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 You Are Here: This Week in the Organic Garden                                                       HOME | ARTICLE INDEX    

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organic gardening

July 15 2005. Summer is in full swing in southern New England.  Many herbs are ready to be cut back before they flower. Oregano, thyme, sage and rosemary can be air dried, by tying small bundles and hanging them in a dry place with good air circulation. Parsley and basil don't dry as well so any we don't use fresh, we puree with olive oil and freeze. This can be done in ice cube trays and transferred to zip lock bags or other covered containers. you can also just use zip lock bags and fill them so they can be flattened out to no more than 1/4 inch. (this will allow you to break off what you need easily, after it's frozen). Either way these frozen morsels can be later used for pesto, soups, and sauces.

Our garden has many different structures to support a variety of plants. Garden structures don't have to be expensive or elaborate. This support for some morning glories, was made with five dead branches bound together at the top with a piece of twine and wrapped with vines that were snarled in a nearby tree

organic gardening

organic gardening

Dill is one of our favorite herbs. Not because we eat an awful lot of it, but because it attracts a host of beneficial insects. Although it is an annual, dill easily reseeds itself. We let many of these "volunteers" stay in the garden. By allowing them to grow in their native cycle we have found that they flower at just the right time to attract the parasitic wasps that lay their eggs in tomato hornworms. Consequently, we have never had a problem with hornworms.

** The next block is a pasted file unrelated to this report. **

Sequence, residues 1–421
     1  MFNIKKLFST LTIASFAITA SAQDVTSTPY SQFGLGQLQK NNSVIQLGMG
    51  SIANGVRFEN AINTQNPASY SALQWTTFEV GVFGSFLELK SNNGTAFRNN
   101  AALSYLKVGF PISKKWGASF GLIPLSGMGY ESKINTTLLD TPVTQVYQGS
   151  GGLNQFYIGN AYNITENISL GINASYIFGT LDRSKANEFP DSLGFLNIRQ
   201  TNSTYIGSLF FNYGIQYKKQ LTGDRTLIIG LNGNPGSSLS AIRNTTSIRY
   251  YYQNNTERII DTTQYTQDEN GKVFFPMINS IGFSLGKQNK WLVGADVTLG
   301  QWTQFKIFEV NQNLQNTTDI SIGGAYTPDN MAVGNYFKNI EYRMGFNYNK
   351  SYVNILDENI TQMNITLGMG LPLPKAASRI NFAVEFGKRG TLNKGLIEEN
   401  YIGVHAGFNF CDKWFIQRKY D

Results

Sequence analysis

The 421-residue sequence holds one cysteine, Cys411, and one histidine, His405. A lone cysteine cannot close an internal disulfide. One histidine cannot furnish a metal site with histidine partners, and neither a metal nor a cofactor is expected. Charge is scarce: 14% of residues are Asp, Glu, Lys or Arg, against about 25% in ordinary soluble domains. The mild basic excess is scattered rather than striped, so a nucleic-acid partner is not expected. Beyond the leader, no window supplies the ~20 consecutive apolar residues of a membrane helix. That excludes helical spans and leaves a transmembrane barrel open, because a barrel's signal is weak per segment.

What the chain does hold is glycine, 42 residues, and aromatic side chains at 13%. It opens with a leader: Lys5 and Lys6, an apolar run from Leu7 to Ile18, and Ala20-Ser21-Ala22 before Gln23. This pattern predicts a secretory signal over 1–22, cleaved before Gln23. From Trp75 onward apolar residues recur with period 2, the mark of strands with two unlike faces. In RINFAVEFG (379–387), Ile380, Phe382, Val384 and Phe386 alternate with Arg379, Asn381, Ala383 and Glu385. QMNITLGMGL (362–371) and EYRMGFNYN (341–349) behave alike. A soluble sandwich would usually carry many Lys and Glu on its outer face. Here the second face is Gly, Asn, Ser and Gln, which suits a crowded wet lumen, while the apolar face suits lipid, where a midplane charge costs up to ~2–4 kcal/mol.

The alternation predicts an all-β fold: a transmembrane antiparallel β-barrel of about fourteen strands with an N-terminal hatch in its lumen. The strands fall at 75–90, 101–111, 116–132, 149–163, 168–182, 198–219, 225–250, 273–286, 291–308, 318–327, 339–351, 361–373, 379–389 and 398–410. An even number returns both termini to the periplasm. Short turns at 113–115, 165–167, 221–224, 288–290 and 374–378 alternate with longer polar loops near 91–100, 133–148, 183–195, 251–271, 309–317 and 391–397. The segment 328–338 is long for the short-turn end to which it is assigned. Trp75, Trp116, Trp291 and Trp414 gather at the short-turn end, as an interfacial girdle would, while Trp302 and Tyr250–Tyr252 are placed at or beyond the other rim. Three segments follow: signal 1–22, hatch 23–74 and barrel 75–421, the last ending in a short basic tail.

Speaking of tomatoes, so far these are looking terrific. The "Better Bush" in front have not been touched since they were transplanted. The heirloom varieties in back have been pinched in an effort to train them to the trellis. Some of the heirloom tomatoes were showing signs of early blight. (lower leaves yellow with dark spots). We removed the affected leaves and gave the plants a good dose of fish emulsion. We also sprayed the whole plants with comfrey tea (made by soaking comfrey leaves in water for a few days). This has seemed to have stopped the progression of the disease, but we will continue to monitor them and re-apply if necessary.

organic gardening

organic gardening

RASPBERRY PALOOZA!! as our granddaughter said when she came over to help us pick these luscious berries. With the help of recent rain, some of these were as big as my thumb. Raspberries are high in vitamins and  minerals. Knowing they weren't treated with chemicals, I told our granddaughter that she could eat as many as she wanted while we were picking them. We both had our fill and still ended up with over two quarts from our 4' X 8' patch. We pureed some and strained the juice. We mixed this with honey, fresh lime juice and seltzer water to make healthy raspberry lime sodas to cool off with after our "hard work".
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